INITTODR(9) MidnightBSD Kernel Developer’s Manual INITTODR(9)

NAME

inittodr — initialize system time

SYNOPSIS

#include <sys/types.h>
#include <sys/systm.h>

void

inittodr(time_t base);

DESCRIPTION

The inittodr() function determines the time and sets the system clock. It tries to pick the correct time using a set of heuristics that examine the system’s battery backed clock and the time obtained from the root file system, as given in base. How the base value is obtained will vary depending on the root file system type. The heuristics used include:

If the battery-backed clock has a valid time, it is used.

If the battery-backed clock does not have a valid time, the time provided in base will be used.

Once a system time has been determined, it is stored in the time variable.

DIAGNOSTICS

The inittodr() function prints diagnostic messages if it has trouble figuring out the system time. Conditions that can cause diagnostic messages to be printed include:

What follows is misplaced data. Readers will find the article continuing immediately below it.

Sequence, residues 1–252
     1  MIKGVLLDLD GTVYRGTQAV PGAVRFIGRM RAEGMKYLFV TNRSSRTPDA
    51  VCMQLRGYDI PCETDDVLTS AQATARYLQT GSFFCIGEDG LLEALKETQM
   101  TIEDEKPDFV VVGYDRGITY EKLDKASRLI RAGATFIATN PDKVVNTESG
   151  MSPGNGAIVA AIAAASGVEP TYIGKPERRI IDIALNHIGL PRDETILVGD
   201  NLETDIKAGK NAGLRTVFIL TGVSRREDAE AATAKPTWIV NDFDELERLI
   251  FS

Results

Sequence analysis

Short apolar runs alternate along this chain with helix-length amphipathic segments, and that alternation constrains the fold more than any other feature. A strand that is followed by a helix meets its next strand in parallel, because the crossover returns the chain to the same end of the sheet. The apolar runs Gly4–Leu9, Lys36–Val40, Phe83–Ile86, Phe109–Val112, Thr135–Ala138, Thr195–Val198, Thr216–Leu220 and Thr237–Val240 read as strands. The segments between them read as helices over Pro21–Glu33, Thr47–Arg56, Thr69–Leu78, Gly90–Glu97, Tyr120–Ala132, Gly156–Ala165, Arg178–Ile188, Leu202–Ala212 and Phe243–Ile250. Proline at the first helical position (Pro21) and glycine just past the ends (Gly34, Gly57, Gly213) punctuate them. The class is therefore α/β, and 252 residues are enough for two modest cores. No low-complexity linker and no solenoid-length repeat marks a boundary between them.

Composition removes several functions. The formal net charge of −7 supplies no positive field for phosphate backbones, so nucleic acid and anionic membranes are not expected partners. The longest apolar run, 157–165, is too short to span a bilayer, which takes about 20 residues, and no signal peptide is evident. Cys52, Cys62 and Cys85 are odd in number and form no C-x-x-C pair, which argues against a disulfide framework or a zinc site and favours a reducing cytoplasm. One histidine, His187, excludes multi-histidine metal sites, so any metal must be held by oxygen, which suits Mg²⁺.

The battery-backed clock’s time appears nonsensical.

SEE ALSO

resettodr(9), time(9)

BUGS

On many systems, inittodr() has to convert from a time expressed in terms of year, month, day, hours, minutes, and seconds to time, expressed in seconds. Many of the implementations could share code, but do not.

Each system’s heuristics for picking the correct time are slightly different.

The FreeBSD implementation should do a better job of validating the time provided in base when the battery-backed clock is unusable. Currently it unconditionally sets the system clock to this value.

MidnightBSD 0.3 March 22, 1997 MidnightBSD 0.3